- “Hágale pues mijo”
- “Hágale pues”
By the way, you need to know that “hágale pues” is a very popular way to say okay in Spanish in Medellín city.
I would say this is the perfect phrase to put on a personalized t-shirt that represents the city 😅
It’s just super typical!
―¿Puedo tomar prestado tu carro?― (Can I borrow your car?)
―¿Puedo probar un poco de esa hamburguesa?― (Can I taste a little of that hamburger?)
―¡Hágale pues!― (Okay!)
“Hágamosle” is a combination of “hagamos” (let’s do) and “le” (it).
In Colombian Spanish, this phrase can be used to suggest doing something together and expressing agreement or consent at the same time.
It’s like saying “Let’s do it” or “Let’s go for it.”
Something interesting to notice is that Colombians often mispronounce this word (me included) skipping the “s” in the word.
―¿Quieres preparar la cena juntos?― (Do you want to prepare dinner together?)
―¡Hágamole!― (Let’s do it!)
―¿Jugamos video juegos?― (Do you want to play video games?)
―¡Hágamole!― (Let’s do it!)
“Vale” is a commonly used term in Colombian Spanish and many other Spanish-speaking regions like Spain, Mexico or Argentina.
It is equivalent to saying “Okay” or “Got it” in English.
It expresses agreement or understanding.
―Nos vemos a las 5 pm en el café― (See you at 5 pm at the café)
―¿Podemos hablar?― (Can we talk?)
“Claro” is another widely used term that means “clear” or “of course.”
In Colombian Spanish, it is often used to express agreement or affirmation just like you do it every time you say ‘Okay’.
People often mix “claro” with “que sí”, which is just a way to give more impact to your agreement.
―¿Puedo llamarte más tarde?― (Can I call you later?)
―Claro― (Of course)
―¿Podemos almorzar juntos hoy?― (Can we have lunch together today?)
―Claro que sí― (Of course)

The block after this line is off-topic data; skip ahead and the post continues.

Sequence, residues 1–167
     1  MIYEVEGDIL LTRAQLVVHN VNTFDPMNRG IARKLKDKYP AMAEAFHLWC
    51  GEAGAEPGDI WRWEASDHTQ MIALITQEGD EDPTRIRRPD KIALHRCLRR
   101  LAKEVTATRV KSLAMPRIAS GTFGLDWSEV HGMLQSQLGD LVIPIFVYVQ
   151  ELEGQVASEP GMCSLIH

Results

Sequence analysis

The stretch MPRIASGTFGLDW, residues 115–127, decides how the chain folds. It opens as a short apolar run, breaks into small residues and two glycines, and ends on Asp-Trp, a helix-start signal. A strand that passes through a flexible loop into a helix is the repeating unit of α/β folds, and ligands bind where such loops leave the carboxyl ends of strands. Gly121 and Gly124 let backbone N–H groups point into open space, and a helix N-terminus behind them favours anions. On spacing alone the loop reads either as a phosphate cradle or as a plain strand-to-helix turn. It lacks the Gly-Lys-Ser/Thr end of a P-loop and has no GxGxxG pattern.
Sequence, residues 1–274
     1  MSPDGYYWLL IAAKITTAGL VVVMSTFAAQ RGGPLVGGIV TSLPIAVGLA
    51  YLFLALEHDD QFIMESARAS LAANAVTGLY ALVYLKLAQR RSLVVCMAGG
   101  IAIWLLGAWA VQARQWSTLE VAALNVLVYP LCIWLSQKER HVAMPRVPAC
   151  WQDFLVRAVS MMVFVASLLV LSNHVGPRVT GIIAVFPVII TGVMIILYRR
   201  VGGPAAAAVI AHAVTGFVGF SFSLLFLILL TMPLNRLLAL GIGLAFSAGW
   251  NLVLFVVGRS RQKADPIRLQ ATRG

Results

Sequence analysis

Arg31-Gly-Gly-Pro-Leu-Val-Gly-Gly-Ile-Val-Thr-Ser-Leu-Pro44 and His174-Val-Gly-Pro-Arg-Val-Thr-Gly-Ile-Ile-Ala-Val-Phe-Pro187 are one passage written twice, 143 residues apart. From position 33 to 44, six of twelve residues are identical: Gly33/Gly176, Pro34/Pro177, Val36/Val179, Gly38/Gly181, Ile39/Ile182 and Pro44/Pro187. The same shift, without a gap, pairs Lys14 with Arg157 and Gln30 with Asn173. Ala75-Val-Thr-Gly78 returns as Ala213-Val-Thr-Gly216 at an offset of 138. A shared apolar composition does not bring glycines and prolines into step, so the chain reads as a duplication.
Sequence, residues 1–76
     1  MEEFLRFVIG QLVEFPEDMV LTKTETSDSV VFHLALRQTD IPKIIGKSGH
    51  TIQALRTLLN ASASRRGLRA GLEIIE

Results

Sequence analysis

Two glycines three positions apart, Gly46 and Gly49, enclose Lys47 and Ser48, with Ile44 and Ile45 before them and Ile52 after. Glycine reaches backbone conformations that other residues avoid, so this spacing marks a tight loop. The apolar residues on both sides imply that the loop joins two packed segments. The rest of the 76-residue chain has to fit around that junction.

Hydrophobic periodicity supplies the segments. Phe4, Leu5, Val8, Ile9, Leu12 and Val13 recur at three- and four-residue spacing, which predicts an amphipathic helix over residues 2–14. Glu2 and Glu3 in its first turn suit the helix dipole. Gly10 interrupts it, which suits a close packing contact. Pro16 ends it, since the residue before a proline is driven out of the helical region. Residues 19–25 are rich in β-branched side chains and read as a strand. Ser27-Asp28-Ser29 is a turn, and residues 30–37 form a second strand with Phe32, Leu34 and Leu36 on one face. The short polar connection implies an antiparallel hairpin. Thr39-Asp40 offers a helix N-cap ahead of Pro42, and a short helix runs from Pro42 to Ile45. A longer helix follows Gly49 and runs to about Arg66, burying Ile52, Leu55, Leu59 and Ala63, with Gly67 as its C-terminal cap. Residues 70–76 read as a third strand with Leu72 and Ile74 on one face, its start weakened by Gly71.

9- De Una
“De una” is an expression used to convey immediacy or agreement.
It means “Of One”.
But of course, that’s not what Colombians mean when they use it.
They use this expression to say okay in Spanish.
It’s something similar to saying “Right away” or “Absolutely” in English.
I use this phrase very often whenever I want to say okay in Spanish, especially to indicate my willingness to do something.
―¿Quieres ir al cine ahora?― (wanna go to the movies now?)
―De una― (Okay!)
―¿Vamos por un café?― (Wanna go grab some coffee?)
―De una― (Okay! Or Absolutely!)
10- De One
This is a colloquial expression Colombians say as a way to mean ‘Okay’ in Spanish.
People use it just like “De Una”.
Now, See how “Una” can be translated as “One”?
That’s because “De One” is kind of an effort to transform the previous phrase into Spanglish.
Yes, it makes no sense in English, but people in this country interpreted it as “Okay!”
―¿Quieres jugar tenis?― (Wanna play tennis?)
―De one― (Okay!)
11- De mero one
And if you thought “De One” was a little strange, let me introduce you to his big brother:
“De mero one”.
Again, it works as ‘okay’ in Spanish.
But the only difference here is that this phrase uses the word “mero”, which is something like the “big one”.
However, there’s no difference in the meaning of this phrase in regards to “De one”.
―¿Vamos pa’ la playa?― (Wanna go to the beach?)
―De mero one― (Sure!)
And there you go!
You have just learned 11 different ways to say Okay in Spanish the Colombian way.
It’ll be easier now to identify these expressions when you hear native speakers using them.
As a summary, this is the complete list of expressions you learned today:
- De una
- De one
- De mero one
In regards to how formal or informal you sound with these phrases, just know that Colombians use all these phrases for both contexts except for the last two.
“De one” or “De mero one” are the only ones that I advise you to use only with friends.
And if you’re a little hesitant on to what use to sound more natural, just use the ones I use more often
Finally, here’s a question for you:
Is there any other Colombian expression to say okay in Spanish that I didn’t cover in this post?
Let me know in the comments below: